The most essential tool for engineers is a logic analyzer, which they operate using a laptop or PC to show the results. A stand-alone analyzer with a display can cost you around 10 thousand rupees or more. So, today we will design a low-cost logic analyzer that has its own stand-alone display that is portable and can be carried in the pocket. Hence, do your design and use this tool without worrying about the laptop or PC for viewing the data. The device can be designed by configuring the following components.
Bill Of Materials
Note: The display part is optional and attachable like an accessory. Hence, if you want to remove the display, then the ESP is itself a logic analyzer, and further, to check real-time data on a PC, install the Sigrok. It will cost you only INR 350 if you detach the display.
For the logic analyzer, we program the ESP 8266. Hence, it acts as a USB logic analyzer. We can connect the circuit or device’s output pins to the ESP GPIO, which acts as a channel for the logic analyzer. For that, we need to install the analyzer library. Open the Arduino IDE and then go to Sketch and Clock. Add the library using zip. Now add the analyzer library by selecting the zip file of the library. Download the library using the following link.
Now we can code the analyzer. Open the Arduino IDE and then select the ESP logic analyzer example code. Now in the code, we can set up frequency, baud rate, and other configurations.
Now we need to select the right port number and the right ESP8266 board and upload the code.
Now connect the FTDI and channel GPI as follows. The Logic analyzer channel GPIO are 13 to 16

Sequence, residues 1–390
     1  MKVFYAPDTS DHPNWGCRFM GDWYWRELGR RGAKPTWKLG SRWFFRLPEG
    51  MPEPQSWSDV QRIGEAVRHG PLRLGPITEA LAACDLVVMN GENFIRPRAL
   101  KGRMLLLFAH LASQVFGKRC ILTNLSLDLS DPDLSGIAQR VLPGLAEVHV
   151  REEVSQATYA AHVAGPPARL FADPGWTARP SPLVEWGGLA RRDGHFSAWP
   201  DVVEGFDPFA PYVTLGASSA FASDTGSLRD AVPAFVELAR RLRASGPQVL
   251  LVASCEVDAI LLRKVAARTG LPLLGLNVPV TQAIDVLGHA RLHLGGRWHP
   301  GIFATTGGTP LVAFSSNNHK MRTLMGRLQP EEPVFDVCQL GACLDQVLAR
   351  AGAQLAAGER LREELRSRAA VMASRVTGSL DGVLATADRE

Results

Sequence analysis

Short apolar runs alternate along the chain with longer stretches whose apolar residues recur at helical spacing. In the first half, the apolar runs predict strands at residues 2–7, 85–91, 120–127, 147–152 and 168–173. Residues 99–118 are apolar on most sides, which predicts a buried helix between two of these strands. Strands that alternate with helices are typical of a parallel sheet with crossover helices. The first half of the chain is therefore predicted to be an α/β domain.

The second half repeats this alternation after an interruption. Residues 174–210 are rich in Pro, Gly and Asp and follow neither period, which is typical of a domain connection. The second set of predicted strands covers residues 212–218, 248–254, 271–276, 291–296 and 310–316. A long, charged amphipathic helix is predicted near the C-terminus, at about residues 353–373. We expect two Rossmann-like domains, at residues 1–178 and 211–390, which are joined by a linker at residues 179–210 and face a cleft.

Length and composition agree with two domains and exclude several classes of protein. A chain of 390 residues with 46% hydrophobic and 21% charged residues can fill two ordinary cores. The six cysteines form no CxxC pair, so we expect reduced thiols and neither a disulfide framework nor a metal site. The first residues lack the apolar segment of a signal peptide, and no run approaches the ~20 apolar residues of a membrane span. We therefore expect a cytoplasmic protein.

Now our analyzer is ready, but our device can capture the logic data using GPIO pins, which act as a channel for the analyzer, but we can’t view it without any software, so if you have a PC or laptop, then install the Sigrok using the following link.
Now open the Sigrok Pulseview and then go to connect and select the Open Bench logic snipper. Now, select the serial port and baud rate and then scan for the device. After scanning, you will receive the name of the analyzer device. The name used for this device is the ESP board. It shows ARDUINO ESP with 8 channels. Select it, and now your 4-channel logic analyzer is ready.
Develop a Portable Display
Now, to make the device a standalone analyzer that needs no laptop or PC, develop a small data displaying device that is portable and small enough to be carried anywhere. Install the latest OS on the Raspberry Pi, then install the SIGROK Pulseview on Raspbian OS, and set up the display driver. If you are using an HDMI display, then you do not need any drivers, but if you are using an SPI display, then install the display driver. Every display consists of its own driver and varies with display type. Hence, follow the respective instructions for the driver provided. Now connect the female GPIO of the display to the Raspberry Pi’s male GPIO, aligning it in line. If you do not have the female GPIO on the Raspberry Pi display but only have male pins, then cut the female GPIO extender of the Raspberry and connect the wires to the display pins. Then connect the end of the female GPIO to the Raspberry Pi as in the pic below . Then fix all the components.
Now the device is ready, power the raspberry pi with 5V and insert the ESP USB into the Raspberry Pi. Now, open the Pulseview and select the ESP device, and connect it as a analyzer. The ESP pins can be used as a channel for the analyzer; connect it to the pins for doing signal analysis. The signal analysis can be seen on the display connected.